Her post starts with that ubiquitous and highly offensive textspeak abbreviation, “OMG.” A commentor identifying herself as “KAT” said, “You lost me after the first three letters. What good come [sic] follow?” It gets worse. She proceeded to call Voris’s beliefs (and mine) by a crude word meaning excrement. Then she says “Don’t excuse my French, because I totally mean that word. . . . ” So this has led to a sideshow of debating the use of profanity. There are so many people foaming at the mouth to “Get Voris” that they’re not only ignoring but excusing and even supporting Alexander’s use of profanity. According to this guy, Voris’s use of online demagoguery is worse than Alexander taking the Lord’s name in vain.

Indeed, very little of the brouhaha has revolved around her taking the Lord’s name in vain–it mostly pertains to her use of a certain Anglo-Saxon word for execrement. Now, it’s interesting that, as a textbook on language from my wife’s college studies that I often refer to points out, we consider Latin-based words for body parts and functions to be OK, but Anglo-Saxon based words are considered obscene because they’re more guttural. A case may be made that it’s rather silly to consider “sh–” to be a bad word *in its proper context.* Indeed, the MPAA rates a movie differently if sh– refers to manure or the f word is used in its proper definition than if these words are used as mere expletives.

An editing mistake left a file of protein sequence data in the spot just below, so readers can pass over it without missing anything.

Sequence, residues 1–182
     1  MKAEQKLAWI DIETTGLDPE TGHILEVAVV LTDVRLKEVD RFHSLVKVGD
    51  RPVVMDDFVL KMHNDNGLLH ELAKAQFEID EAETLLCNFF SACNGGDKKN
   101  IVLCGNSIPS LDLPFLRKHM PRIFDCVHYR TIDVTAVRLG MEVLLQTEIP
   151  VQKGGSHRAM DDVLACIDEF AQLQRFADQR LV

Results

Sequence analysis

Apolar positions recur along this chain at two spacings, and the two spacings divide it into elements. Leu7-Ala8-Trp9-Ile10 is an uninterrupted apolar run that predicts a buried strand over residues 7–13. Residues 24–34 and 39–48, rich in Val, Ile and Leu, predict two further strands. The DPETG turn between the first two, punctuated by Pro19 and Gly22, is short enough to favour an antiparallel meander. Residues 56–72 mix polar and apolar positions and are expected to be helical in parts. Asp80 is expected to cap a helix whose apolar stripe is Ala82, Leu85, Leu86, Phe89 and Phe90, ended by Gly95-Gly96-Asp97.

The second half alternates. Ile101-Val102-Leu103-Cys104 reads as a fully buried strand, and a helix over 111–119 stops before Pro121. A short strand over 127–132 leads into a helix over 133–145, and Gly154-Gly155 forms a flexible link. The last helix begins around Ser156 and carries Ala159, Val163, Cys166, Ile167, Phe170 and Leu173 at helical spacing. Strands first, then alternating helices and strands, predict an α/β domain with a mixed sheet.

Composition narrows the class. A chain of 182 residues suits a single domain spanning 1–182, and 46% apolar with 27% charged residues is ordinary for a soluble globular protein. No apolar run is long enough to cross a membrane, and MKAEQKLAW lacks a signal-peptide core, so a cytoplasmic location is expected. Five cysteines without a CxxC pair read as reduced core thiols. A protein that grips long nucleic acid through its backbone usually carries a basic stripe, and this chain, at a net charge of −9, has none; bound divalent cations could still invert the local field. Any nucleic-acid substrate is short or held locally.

Patrick Madrid invited Alexander to come on his show and defend her use of profanity. By her own admission, she did a bad job on the show (I haven’t heard it), and in her follow up on her blog (“D-word” right in the title), and Patrick came right out with pointing out that it’s sinful, and she didn’t have much of a response, so she tried to make a response on her blog.

Alexander’s points in defense of profanity are, basically:
a. “There’s no such thing as a bad word”: Perhaps not in its proper context. “Hell” is not a bad word. Even telling someone, “If you proceed on that course of action, you put yourself in danger of Hell” is not bad–it is quite good; it’s a spiritual work of mercy (one for which Michael Voris often gets lambasted). “Damn” is not a bad word if used in its proper context. Certainly, the Lord’s Name is not a “bad word,” and one of the reasons why it’s wrong to take the Lord’s Name in vain is that you’re trivializing it.